Guest post by Gesmer Updegrove attorney Nancy Cremins.
On December 1, 2009, the Massachusetts Superior Court announced the implementation of a Discovery Pilot Project in the Superior Court’s Business Litigation Session (BLS). A link to the press release announcement is here, and the text of the Project here.
The BLS Discovery Pilot Project will be implemented on January 4, 2010 and was developed as the result of a joint effort of the BLS judges and the BLS Advisory Committee, in an effort to address the increasing burden and cost of civil pretrial discovery, particularly electronic discovery.
The BLS Pilot Project incorporates some of the principles set forth in the March 2009 Final Report of the American College of Trial Lawyers Task Force on Discovery and the Institute for Advancement of the American Legal System, which (no surprise) found the civil justice system “in serious need of repair.”
The guiding principal of the BLS Pilot Project is to tie the scope of discovery to the magnitude of the claims at issue. The BLS judges will work with the parties to determine the scope and timing of permitted pre-trial discovery, taking into consideration the needs of the case, the amount in controversy, the parties’ respective resources, and the complexity and importance of the issues at stake.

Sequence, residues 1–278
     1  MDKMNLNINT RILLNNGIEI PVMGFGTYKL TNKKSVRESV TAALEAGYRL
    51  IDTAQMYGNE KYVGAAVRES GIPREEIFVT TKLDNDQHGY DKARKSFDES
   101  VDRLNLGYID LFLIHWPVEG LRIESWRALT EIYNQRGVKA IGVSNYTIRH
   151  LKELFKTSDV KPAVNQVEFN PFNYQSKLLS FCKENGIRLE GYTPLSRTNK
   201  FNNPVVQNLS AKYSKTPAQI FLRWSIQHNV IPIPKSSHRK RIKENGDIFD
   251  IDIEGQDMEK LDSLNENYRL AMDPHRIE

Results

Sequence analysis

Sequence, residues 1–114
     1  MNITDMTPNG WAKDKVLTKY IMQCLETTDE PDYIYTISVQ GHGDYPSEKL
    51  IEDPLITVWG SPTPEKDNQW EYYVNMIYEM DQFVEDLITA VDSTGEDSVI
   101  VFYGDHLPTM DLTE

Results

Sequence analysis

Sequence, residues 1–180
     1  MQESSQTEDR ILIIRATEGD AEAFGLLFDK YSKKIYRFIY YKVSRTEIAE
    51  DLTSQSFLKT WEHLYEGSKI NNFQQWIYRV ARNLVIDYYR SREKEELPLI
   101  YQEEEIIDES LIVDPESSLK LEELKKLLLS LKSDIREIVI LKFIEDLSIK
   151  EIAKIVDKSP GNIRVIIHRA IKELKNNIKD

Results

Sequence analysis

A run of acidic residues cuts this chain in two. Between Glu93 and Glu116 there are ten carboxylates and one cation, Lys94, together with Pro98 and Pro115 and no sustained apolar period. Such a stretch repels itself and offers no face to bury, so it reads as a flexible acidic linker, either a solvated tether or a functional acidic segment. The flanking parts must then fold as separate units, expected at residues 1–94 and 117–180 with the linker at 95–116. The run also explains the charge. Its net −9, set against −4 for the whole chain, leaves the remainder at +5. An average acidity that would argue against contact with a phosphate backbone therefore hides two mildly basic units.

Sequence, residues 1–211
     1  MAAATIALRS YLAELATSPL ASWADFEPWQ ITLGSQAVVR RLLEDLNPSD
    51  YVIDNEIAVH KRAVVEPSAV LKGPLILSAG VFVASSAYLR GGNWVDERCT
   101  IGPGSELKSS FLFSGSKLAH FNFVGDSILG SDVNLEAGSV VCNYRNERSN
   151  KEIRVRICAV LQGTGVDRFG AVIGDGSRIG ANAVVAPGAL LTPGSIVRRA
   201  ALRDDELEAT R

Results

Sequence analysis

In a move similar to the “automatic disclosure” that has been in effect in the federal court system for many years, each party participating in the BLS Pilot Project will be expected to produce at the outset of the case “all reasonable available non-privileged, non-work product documents and things that may be used to support that party’s claims, counterclaims or defenses.” After the initial production, the parties and the BLS judges will consider other pre-trial discovery methods, including numerical and time limitations and limiting the persons from whom discovery may be sought.
With respect to electronic discovery, the scope of such discovery will be governed by “the nature and scope of the case, relevance, importance to the court’s adjudication, expenses and burdens.” If the parties are unable to agree, the BLS judges will conduct an electronic discovery hearing, to address the scope of allowable proportional electronic discovery and allocation of its cost.
Chief Justice Rouse states that the Pilot Project will be in effect initially from January through December of 2010. Participants in the BLS Pilot Project will be asked to provide feedback so that data may be gathered and analyzed. Chief Justice Rouse states that the Pilot Project’s efficacy will then be evaluated and refined for future use.
Whether the BLS Pilot Project will have the desired affect of streamlining and reducing costs associated with the discovery process is yet to be determined, but kudos to the Massachusetts Superior Court and the BLS for at least making an attempt to fix the burdensome and expensive discovery process which, in its current state, often makes resolving a case on the merits cost prohibitive.
There are lies, damn lies and statistics. Mark Twain